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Dr Hilary Jones discusses UK's 'obesity epidemic' on GMB
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One modifiable risk factor for developing the disease is obesity; this is having a body mass index (BMI) of 30 or above, which can be calculated using the NHS BMI calculator. A risk factor, such as obesity, can increase the chance of developing cancer, but it doesn’t guarantee you will develop the deadly disease. Macmillan Cancer Support highlighted obesity could be a risk factor for oesophageal cancer because it’s linked to long-term acid reflux – another risk factor.
Acid reflux occurs when stomach acid travels up towards the throat, causing the sensation of heartburn, the NHS explained.
Heartburn can be described as a “burning sensation in the middle of your chest”.
It may also be accompanied by an “unpleasant sour taste” in the mouth, which is caused by the stomach acid.
Other possible signs of acid reflux include:
- A cough or hiccups that keep coming back
- A hoarse voice
- Bad breath
- Bloating and feeling sick.
READ MORE: Bowel cancer symptoms: Two visual clues in your poo
The symptoms of acid reflux tend to worsen after eating food, suprax and bactrim when lying down, and when bending over.
Certain factors can lead to acid reflux, or make the condition worse, such as smoking.
Other elements include feelings of stress and anxiety, anti-inflammatory painkillers such as ibuprofen, and being overweight.
The condition can feel worse if you drink coffee or alcohol, or if you eat tomatoes, chocolate, fatty or spicy foods.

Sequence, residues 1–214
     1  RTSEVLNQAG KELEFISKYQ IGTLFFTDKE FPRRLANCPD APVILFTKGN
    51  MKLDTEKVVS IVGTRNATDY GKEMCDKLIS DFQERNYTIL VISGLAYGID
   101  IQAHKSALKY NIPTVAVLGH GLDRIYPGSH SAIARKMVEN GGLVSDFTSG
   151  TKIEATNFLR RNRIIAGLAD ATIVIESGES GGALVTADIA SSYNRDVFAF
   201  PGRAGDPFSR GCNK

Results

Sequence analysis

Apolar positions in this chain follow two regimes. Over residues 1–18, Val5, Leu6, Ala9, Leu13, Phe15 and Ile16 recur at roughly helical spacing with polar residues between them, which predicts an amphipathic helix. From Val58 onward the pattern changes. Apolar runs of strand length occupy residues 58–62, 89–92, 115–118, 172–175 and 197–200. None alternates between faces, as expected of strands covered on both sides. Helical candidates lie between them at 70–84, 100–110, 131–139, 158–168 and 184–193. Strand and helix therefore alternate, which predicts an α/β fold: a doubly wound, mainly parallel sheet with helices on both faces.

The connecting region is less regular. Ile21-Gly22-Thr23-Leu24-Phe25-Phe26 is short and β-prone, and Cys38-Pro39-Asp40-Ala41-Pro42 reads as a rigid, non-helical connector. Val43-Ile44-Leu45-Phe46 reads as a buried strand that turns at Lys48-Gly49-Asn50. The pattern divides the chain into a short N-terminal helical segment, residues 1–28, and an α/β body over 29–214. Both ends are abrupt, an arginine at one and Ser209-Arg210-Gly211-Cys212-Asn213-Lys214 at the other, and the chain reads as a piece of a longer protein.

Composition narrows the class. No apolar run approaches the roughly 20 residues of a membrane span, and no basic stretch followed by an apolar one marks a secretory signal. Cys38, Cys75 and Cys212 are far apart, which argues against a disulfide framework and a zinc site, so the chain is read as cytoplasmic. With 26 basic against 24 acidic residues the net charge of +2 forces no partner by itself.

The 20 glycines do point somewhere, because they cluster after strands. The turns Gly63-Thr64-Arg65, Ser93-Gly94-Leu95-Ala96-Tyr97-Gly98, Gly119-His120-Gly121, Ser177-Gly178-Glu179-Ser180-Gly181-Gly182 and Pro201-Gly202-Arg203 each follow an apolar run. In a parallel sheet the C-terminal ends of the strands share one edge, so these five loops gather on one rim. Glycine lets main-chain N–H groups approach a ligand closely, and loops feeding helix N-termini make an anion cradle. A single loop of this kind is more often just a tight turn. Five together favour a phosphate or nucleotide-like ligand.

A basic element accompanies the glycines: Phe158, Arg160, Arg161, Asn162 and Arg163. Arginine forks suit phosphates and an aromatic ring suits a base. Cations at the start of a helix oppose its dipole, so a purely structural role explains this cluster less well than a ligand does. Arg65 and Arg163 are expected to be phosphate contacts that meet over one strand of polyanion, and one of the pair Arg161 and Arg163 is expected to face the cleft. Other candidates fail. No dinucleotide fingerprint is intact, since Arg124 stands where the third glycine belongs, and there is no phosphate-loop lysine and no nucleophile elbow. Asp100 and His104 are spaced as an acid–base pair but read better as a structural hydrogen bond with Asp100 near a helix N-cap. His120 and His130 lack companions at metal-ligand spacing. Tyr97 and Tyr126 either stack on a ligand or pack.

Acid reflux could also be more uncomfortable if you have a hiatus hernia, which is where part of the stomach moves up into the chest.
“Simple lifestyle changes can help stop or reduce heartburn,” said the NHS, which you must remember is a risk factor for oesophageal cancer.
In order to minimise your risk of acid reflux it will help to:
- Eat smaller, more frequent meals
- Raise one end of your bed 10 to 20cm by putting something under your bed or mattress – your chest and head should be above the level of your waist, so stomach acid does not travel up towards your throat.
- Try to lose weight if you’re overweight
- Try to find ways to relax
How to lose weight
The most effective way to lose weight is to burn more calories than you consume every day.
To keep on top of how many calories you’re consuming, you will need to start counting calories.
Harvard Medical School pointed out that walking for 17 mins per mile could shed between 107 to 159 calories, depending on your weight.
The good news is that if you start off weighing more, you’ll burn off more calories than a slimmer person by doing the same amount of exercise.
If you choose to get into swimming, you can burn anything from 180 to 216 calories.
As for playing a game of football, you can lose between 21- to 294 calories.
The more intense the exercise you partake in, the more calories you’re likely to burn.
If you would like to lose weight, the NHS Weight Loss Planner could be helpful.
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